The Standardized 7-Day Effective Yield is the average income return over the previous seven days, assuming the rate stays the same for one year and that dividends are reinvested. It is the Fund's total income net of expenses, divided by the total number of outstanding shares. The yield may differ slightly from the actual distribution rate of a given portfolio because of the exclusion of distributed capital gains or losses which are non-recurring. The SEC Yield is a required yield to quote to clients. This yield does not allow for the inclusion of capital gains or losses.
Short-term obligations with maturities ranging from 1 to 270 days issued by tax-exempt issuers. Tax-exempt commercial paper is issued at par but can trade above or below par after issuance. Tax-exempt commercial paper has a fixed coupon over a set period of time which the issuer, remarketing agent and purchaser agree upon. Interest is paid at maturity. CP is primarily used to manage duration and yield.
Funds designed to maximize current income, preserve capital and maintain liquidity, by investing in municipal obligations issued by or on behalf of states, territories and possessions of the U.S. The interest is exempt from regular federal income tax.
Unlike taxable municipal bonds, tax-free Municipal bonds are exempt from federal taxes and from most state and local taxes, especially if the investor live sin the state in which the bond has been issued.
A tax-exempt fixed rate security which typically has a maturity of 397 days or shorter. These notes are sold by the issuer in anticipation of tax and/or revenue generated from the borrowed monies.
A debt obligation of a US state or local government that generally supports governmental needs or special projects. A taxable Municipal Bond is a debt security whose returns are subject to taxes at the local, state or federal level, or some combination thereof.
A tender option bond is a type of VRDN where a long term bond is placed into a trust. Floating rate securities are created from the trust. These floating rate securities function like a VRDN in that the coupon resets every 1-7 days. Additionally, there is a liquidity feature which allows these securities to be tendered on a 1-5 business day settlement. A unique feature of TOBs is that when the trust is unwound and the underlying bonds are sold a gain may be generated. This gain is distributed to the TOB holder on a pro rate basis.
A deposit in an interest-paying account that requires the money to remain in the account for a specific length of time, often overnight.
Debt obligations of the U.S. Treasury, backed by the full faith and credit of the federal government, having original maturities of 1 year or less.
Debt obligations of the U.S. Treasury, backed by the full faith and credit of the federal government, having original maturities of greater than 10 years.
A marketable US government debt security with a fixed interest rate and a maturity between two and 10 years that is backed by the full faith and credit of the federal government. Treasury notes can be bought either directly from the US government or through a bank.”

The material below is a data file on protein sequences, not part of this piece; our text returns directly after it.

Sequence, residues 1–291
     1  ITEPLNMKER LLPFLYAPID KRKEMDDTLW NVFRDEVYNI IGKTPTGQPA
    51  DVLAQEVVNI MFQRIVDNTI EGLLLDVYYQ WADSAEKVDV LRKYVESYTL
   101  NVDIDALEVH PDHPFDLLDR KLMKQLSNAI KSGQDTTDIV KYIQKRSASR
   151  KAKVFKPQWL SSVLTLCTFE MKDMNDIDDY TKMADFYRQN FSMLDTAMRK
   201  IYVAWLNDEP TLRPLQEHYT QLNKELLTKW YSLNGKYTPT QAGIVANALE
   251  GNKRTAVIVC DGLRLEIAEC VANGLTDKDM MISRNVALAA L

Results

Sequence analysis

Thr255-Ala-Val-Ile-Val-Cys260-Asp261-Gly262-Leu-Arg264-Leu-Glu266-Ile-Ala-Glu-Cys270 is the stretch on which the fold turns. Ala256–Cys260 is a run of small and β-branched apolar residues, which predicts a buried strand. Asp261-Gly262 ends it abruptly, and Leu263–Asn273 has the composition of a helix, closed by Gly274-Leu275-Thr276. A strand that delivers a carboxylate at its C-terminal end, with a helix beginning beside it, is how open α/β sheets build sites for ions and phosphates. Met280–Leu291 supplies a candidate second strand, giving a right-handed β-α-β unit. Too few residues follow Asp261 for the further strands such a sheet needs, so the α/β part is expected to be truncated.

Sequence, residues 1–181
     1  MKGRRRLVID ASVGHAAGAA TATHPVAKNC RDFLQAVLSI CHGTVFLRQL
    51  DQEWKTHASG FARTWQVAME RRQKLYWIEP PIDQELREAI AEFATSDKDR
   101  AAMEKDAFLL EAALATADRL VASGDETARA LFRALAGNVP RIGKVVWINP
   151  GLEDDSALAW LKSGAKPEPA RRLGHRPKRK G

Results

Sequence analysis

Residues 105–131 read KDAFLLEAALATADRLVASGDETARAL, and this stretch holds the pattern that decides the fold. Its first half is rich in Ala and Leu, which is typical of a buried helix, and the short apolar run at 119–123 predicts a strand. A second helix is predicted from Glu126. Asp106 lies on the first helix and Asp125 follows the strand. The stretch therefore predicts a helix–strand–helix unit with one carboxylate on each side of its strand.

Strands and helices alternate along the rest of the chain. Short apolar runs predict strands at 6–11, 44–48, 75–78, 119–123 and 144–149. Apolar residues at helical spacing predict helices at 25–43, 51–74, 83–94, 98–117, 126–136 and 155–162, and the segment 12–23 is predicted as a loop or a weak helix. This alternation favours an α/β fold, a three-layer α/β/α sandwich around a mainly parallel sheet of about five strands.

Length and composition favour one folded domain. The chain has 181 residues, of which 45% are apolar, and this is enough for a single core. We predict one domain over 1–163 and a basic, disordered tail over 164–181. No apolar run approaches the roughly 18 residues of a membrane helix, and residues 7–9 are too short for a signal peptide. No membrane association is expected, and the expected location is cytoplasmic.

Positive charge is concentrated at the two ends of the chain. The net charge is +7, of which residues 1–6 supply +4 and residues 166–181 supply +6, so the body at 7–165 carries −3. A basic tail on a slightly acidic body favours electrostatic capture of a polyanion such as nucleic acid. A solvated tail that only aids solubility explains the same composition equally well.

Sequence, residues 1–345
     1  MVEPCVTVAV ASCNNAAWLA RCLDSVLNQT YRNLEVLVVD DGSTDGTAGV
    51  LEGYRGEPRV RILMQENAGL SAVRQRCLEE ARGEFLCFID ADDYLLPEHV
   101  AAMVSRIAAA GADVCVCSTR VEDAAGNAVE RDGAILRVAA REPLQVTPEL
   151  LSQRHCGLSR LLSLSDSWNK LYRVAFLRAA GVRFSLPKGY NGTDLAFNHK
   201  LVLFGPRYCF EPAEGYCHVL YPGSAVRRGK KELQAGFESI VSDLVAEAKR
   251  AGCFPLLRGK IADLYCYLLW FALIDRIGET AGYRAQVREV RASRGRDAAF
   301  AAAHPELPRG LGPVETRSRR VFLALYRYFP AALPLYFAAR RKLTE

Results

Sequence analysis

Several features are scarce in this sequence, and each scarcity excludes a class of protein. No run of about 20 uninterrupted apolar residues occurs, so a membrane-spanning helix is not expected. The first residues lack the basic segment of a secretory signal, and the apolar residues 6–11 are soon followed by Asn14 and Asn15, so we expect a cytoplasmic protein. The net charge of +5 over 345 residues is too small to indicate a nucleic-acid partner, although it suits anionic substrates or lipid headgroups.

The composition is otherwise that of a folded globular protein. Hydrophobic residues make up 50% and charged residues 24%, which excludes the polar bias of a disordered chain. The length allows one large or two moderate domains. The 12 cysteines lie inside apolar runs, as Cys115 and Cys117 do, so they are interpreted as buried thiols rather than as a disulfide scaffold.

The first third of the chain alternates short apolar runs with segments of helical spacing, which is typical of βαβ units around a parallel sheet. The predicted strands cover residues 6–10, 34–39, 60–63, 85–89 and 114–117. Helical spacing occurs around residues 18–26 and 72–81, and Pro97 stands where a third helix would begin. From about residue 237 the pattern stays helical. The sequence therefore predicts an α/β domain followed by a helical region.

This involves a custodian bank acting as an intermediary between the two parties in a repurchase agreement. The tri-party agent is responsible for the administration of the transaction including allocation, marking to market, and substitution of collateral.
Unsecured, short-term obligations issued by a corporation with maturities of 270 days or less, usually issued at a discount reflecting current market interest rates.
A debt instrument where a long term bond has a coupon which resets every 1-7 days. These securities have a shortening feature which allows the holder to put (i.e. sell) the security at par plus accrued interest for either same day or 5 business day settlement. The liquidity feature can be provided by the issuer itself or a bank and can be in the form of a liquidity facility or letter of credit. These securities generally trade at par.
The level of risk associated with an investment as measured by the standard deviation from the expected return.
The money market fund’s weighted average life (WAL) is an average of the final maturities of all securities held in the portfolio, weighted by each security’s percentage of net assets. This must not exceed 120 days by SEC Rule 2a-7.
The money market fund's weighted average maturity (WAM) is an average of the effective maturities of all securities held in the portfolio, weighted by each security's percentage of net assets. This must not exceed 60 days if the fund is rated.
The midpoint of market capitalization (market price multiplied by the number of shares outstanding) of the stocks in a portfolio. Half the stocks in the portfolio will have higher market capitalizations, half will have lower.
A line that plots the interest rates, at a set point in time, of bonds having equal credit quality, but differing maturity dates. The most frequently reported yield curve compares the three-month, two-year, five-year and 30-year U.S. Treasury debt. This yield curve is used as a benchmark for other debt in the market, such as mortgage rates or bank lending rates. The curve is also used to predict changes in economic output and growth.
The rate of return anticipated on a bond if it is held until the maturity date. YTM is considered a long-term bond yield expressed as an annual rate. The calculation of YTM takes into account the current market price, par value, coupon interest rate and time to maturity. It is also assumed that all coupons are reinvested at the same rate. Sometimes this is simply referred to as "yield" for short.